The government saw it necessary to take over TPI to rejuvenate TPPI’s refinery which was faint for a while due to a lack of capital. Optimizing TPPI, PON, and Polytama is hoped to overcome Indonesia’s high dependency on petrochemical imports. Until now, the domestic petrochemical industry only covers some 40 percent of national demand.
According to government calculations, annual imports of main petrochemical products could go down to 6,200 kilo tons by 2030 should the TPPI be developed optimally. That would lead to a decrease of current account deficit, and savings on foreign exchange of up to US$6.6 billion in that same year. The finance ministry also projected a potential tax income of some US$1.3 billion, and creating employment for around 2,000 people.
On the other hand, TPI’s business development also opens the possibility of solving a long-term problem at TPPI: its piling debt. Until December 2018, TPPI’s debt amounted to US$888 million. This number keeps going up, and is now estimated at US$1 billion, or around Rp14 trillion by October. The lion share of the debt is to Pertamina.
The signing of shares purchase agreement between Tuban Petrochemical Industries and Pertamina in Jakarta, November 18./ special photo
In the past decade, restructurisation efforts have not just stalled, but were also riddled in corruption scandals that remain unresolved with the disappearance of former company owner Honggo Wendratno. This legal problem has been the reason why Pertamina had not entered into TPPI’s business even though the government has been pushing for this for the past five years. Pertamina’s management even asked for legal advice from the Attorney General’s Office.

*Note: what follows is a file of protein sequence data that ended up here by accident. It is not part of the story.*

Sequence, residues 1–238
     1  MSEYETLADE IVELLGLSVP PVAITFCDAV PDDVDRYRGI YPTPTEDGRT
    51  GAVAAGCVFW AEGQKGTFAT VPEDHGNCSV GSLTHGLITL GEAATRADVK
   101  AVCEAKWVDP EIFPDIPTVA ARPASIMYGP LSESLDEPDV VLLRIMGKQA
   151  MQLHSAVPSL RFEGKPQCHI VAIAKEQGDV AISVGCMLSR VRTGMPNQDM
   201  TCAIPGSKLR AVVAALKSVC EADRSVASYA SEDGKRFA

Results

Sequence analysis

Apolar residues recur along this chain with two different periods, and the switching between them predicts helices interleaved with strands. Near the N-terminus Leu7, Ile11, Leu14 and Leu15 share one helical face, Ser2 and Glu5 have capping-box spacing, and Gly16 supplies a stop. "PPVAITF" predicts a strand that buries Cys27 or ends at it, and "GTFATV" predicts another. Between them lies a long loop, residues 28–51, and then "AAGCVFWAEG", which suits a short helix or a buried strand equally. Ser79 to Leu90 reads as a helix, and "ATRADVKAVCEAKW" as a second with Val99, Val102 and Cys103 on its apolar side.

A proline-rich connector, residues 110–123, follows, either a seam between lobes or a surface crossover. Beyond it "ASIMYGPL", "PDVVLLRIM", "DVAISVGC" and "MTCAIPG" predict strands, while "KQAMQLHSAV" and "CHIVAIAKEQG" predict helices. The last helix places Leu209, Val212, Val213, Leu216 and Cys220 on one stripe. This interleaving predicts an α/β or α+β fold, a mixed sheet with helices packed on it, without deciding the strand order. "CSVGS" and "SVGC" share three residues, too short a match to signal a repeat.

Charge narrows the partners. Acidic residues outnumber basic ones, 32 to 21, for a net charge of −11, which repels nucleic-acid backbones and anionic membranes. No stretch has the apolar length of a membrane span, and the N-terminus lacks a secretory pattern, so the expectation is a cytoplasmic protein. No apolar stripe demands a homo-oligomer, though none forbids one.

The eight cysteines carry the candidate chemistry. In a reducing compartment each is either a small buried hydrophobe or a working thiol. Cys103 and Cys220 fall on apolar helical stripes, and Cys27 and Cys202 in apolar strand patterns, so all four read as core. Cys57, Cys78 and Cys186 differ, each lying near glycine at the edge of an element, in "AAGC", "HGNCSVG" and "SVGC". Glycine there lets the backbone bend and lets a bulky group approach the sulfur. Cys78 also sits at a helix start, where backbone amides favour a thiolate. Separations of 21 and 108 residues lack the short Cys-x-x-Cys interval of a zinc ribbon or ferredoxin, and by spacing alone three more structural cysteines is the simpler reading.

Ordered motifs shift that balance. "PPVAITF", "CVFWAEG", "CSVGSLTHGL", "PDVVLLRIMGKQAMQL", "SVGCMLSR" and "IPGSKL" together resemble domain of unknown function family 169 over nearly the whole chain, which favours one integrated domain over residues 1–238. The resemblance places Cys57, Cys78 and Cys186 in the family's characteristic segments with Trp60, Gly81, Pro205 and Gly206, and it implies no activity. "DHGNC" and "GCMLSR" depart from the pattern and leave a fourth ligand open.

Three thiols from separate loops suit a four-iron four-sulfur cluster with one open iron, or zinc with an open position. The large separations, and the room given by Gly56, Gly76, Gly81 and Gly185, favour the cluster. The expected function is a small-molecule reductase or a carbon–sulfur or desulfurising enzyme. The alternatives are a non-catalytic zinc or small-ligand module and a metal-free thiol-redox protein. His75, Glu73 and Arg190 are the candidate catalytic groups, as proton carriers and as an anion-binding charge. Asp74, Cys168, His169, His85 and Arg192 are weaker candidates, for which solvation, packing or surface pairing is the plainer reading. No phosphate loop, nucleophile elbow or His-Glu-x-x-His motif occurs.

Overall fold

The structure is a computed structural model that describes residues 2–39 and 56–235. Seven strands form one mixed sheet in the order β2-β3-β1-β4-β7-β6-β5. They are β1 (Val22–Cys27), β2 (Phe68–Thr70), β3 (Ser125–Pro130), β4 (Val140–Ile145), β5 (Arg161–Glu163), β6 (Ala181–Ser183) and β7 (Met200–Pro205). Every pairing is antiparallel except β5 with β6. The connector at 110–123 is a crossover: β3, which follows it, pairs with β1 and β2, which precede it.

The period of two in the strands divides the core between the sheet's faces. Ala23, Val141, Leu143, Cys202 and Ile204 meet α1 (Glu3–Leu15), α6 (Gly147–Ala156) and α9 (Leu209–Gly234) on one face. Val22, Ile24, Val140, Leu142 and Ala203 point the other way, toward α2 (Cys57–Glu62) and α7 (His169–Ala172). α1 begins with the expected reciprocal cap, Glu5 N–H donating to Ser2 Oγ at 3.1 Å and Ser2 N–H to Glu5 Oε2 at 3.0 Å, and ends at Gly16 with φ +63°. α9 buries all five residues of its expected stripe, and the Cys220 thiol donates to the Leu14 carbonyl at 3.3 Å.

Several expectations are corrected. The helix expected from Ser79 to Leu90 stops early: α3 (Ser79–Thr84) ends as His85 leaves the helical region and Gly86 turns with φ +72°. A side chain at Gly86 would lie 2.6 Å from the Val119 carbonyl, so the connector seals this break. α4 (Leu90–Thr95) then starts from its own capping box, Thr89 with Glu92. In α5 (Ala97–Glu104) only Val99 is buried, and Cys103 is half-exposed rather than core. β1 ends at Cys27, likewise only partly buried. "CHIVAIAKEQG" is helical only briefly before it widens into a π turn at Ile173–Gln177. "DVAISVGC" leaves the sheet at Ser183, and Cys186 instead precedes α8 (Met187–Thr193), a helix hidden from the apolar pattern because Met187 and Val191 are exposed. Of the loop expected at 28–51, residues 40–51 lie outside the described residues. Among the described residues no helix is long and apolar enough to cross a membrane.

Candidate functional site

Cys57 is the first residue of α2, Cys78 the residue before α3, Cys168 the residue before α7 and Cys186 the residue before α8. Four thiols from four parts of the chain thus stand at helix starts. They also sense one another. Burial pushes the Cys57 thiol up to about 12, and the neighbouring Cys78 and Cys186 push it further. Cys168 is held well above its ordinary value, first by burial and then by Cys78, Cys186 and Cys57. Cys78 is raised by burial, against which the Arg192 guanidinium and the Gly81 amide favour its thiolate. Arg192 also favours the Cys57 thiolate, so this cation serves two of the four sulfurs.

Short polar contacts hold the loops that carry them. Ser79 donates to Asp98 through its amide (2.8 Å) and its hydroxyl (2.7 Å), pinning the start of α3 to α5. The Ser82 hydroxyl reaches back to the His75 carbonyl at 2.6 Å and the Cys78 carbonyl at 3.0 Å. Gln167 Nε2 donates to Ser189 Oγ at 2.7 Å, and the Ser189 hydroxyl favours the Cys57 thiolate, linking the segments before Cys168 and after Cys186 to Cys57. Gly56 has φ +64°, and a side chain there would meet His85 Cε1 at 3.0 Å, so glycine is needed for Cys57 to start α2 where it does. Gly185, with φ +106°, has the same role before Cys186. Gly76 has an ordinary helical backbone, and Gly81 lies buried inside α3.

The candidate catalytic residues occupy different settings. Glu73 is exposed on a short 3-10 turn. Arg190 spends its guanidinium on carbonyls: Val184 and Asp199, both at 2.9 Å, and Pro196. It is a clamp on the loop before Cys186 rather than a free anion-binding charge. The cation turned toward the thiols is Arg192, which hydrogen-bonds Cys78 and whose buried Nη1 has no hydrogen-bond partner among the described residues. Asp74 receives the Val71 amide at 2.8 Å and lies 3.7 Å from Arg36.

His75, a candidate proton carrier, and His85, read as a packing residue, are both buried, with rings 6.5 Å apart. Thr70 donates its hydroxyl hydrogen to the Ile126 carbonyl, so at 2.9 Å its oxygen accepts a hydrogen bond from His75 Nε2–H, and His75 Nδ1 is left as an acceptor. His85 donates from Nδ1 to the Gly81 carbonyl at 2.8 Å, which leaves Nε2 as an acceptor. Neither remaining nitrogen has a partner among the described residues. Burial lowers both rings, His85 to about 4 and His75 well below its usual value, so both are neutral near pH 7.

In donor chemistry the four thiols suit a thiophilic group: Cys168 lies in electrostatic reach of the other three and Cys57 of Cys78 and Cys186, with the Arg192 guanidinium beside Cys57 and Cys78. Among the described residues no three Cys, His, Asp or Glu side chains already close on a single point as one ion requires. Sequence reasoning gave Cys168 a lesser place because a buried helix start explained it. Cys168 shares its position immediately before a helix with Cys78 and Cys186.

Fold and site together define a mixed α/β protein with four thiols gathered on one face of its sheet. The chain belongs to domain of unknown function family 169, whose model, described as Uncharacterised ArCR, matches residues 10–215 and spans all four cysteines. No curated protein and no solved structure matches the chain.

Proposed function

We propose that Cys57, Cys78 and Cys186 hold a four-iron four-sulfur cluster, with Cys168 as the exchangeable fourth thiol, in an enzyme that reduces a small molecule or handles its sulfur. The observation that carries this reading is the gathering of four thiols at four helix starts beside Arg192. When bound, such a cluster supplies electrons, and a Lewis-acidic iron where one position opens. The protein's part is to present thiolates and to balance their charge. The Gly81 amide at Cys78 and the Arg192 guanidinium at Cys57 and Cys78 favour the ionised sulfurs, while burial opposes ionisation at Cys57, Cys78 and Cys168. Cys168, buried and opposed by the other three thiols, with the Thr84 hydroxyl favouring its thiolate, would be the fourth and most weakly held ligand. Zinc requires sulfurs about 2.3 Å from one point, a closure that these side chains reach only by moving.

Good news came on October 19, when President Joko Widodo signed Government Regulation No. 66/2019, which converted the government receivable of Rp2.62 trillion to TPI into state capital participation. Since then, the state’s stake in TPI, through the finance ministry, is 95.9 percent. The remaining shares are in the hands of Honggo through Silakencana Tirtalestari. By absorbing all of TPI’s newly issued shares, Pertamina has become the controlling shareholder with a 51 percent share, while the shares of the state and Honggo have been diluted. Pertamina is now more confident about the TPPI aromatic refinery in Tuban. “Yes, it’s more secure now,” said Heru Setiawan, Pertamina’s director for planning, investment and risk management on Wednesday, November 27.
STEP by step, TPPI’s restructuration process was completed in a relatively short time. The new cabinet worked swiftly in the past month. A week after inauguration, the President gathered all the economy-related ministers at the State Palace in Jakarta to discuss the utilization of the aromatic factory. In a small meeting on October 30 Jokowi even expressed his wish to convert the TPPI refinery into an industrial zone. “Let’s just designate Tuban, TPPI, as a petrochemical zone.”